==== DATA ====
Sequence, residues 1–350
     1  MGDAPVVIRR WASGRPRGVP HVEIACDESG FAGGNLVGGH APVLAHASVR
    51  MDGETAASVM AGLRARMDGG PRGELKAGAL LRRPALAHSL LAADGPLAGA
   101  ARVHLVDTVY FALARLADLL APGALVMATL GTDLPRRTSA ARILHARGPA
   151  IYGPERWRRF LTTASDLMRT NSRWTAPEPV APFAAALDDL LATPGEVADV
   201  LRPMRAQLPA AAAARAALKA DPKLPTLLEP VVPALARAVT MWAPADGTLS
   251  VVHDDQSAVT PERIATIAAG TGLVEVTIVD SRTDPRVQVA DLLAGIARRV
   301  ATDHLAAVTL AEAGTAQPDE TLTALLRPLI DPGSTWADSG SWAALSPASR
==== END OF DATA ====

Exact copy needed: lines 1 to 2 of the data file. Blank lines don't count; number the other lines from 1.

Sequence, residues 1–350
     1  MGDAPVVIRR WASGRPRGVP HVEIACDESG FAGGNLVGGH APVLAHASVR